Flavanols found helpful at reducing age related memory loss

A small patient based study found that flavanols concentrated from cocoa beans helped improve age related memory loss. The concentrated flavanol extract was prepared by Mars Inc., the company sponsoring the research. The study followed 37 healthy volunteers between the ages of 50 to 69 for three months. Participants in the experimental group consumed 900 mg of the flavanol extract and participants in the control group consumed 10 mg of the concentrated flavanol cocoa drink. Participants were given brain scans at the beginning and end of the study. The brain scans were being monitored for any changes to theĀ dentate gyrus region of the brain which is suspected to be involved in age related memory loss. A twenty minute memory test using pattern recognition questions was also used to assess any memory changes in the study participants. At the end of the study participants on the high-flavanol diet scored significantly higher on the memory test than participants on the low-flavanol diet.

This is a preliminary research study that used a concentrated extract of flavanols. The dose used in the study would not be available from regular chocolate products. There are many plant sources for flavanols in addition to cocoa beans. More research is needed. [link]

In the mean time eating five to nine servings of fruits and vegetables per day may help reduce cancer risk while providing some healthy flavanols and flavanoids. Blackberries, apricots and apples with the skin are sources of flavanols. And green tea, black tea, and red wine are good sources of flavanols in addition to cocoa beans. [link] Increasing use of green leafy herbs may also be helpful to health. Oregano, rosemary, sage and summer savory may be good sources of a variety of antioxidants including the flavonol quercitin and the flavanoid rosmarinic acid. [link] [link]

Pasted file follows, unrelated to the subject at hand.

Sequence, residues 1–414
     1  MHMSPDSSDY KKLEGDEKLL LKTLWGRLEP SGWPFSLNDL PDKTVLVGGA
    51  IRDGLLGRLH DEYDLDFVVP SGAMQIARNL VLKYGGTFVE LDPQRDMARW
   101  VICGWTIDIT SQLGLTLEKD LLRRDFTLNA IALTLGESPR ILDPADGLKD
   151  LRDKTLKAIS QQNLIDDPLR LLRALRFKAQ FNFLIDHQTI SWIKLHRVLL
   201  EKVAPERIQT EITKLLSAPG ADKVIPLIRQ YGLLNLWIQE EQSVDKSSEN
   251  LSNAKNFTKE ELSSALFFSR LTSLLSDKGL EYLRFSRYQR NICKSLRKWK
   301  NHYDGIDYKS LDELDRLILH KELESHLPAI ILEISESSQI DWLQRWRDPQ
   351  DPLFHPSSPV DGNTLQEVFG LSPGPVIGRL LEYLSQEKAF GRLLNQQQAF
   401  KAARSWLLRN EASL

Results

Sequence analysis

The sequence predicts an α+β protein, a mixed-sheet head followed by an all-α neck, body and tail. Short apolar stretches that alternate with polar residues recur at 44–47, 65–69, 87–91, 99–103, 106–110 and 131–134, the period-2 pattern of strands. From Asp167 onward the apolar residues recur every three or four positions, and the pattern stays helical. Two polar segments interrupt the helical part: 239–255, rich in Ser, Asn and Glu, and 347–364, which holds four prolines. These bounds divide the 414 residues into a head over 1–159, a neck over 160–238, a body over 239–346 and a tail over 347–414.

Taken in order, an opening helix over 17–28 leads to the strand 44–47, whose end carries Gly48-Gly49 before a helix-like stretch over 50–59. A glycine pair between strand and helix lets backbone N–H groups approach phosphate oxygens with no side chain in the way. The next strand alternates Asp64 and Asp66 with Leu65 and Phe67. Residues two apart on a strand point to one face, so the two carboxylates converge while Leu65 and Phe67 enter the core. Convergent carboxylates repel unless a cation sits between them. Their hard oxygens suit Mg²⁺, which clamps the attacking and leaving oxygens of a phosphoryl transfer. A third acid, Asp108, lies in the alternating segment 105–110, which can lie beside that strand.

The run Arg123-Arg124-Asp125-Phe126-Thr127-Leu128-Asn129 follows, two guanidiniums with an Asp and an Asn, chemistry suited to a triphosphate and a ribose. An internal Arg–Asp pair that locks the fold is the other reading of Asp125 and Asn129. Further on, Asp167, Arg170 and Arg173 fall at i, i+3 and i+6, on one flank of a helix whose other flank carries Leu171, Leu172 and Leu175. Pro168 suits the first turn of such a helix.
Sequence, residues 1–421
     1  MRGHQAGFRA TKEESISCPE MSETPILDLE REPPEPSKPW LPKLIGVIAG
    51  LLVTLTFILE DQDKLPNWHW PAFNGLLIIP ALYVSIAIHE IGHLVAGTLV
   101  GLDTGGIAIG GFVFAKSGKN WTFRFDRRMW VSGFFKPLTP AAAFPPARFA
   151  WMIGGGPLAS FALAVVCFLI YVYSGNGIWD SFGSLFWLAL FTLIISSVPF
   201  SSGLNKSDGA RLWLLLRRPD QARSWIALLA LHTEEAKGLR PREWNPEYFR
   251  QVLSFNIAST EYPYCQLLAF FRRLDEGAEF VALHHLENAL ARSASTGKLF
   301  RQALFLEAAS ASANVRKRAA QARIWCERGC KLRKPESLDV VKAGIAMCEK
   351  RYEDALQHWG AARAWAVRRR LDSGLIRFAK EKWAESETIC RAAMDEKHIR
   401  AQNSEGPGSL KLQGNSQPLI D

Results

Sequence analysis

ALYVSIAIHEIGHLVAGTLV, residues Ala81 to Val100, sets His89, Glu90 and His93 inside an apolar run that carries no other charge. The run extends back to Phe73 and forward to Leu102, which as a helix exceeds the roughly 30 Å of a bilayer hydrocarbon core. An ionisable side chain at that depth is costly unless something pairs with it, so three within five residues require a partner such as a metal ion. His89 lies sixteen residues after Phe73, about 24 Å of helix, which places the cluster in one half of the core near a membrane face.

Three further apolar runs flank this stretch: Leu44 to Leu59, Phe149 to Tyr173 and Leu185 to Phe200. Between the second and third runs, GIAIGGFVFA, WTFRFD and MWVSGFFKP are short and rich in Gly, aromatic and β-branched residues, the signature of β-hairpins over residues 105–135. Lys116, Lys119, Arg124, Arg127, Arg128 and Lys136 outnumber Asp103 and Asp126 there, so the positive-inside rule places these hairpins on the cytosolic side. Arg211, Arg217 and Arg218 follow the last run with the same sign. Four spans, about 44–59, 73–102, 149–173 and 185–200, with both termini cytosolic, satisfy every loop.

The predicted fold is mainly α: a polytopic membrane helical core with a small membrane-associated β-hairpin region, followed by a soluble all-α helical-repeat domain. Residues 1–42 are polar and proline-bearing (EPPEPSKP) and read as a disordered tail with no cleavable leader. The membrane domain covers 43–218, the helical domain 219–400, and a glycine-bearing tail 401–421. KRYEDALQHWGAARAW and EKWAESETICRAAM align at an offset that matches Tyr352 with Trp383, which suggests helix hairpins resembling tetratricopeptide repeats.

Available as a downloadable pdf: Phenols, proanthocyanidins, flavones and flavonols in some plant materials and their antioxidant activities / by M. Skerget et. al. / 2003

/Disclaimer: Opinions are my own andĀ  the information is provided for educational purposes within the guidelines of fair use. While I am a Registered Dietitian this information is not intended to provide individual health guidance. Please see a health professional for individual health care purposes./

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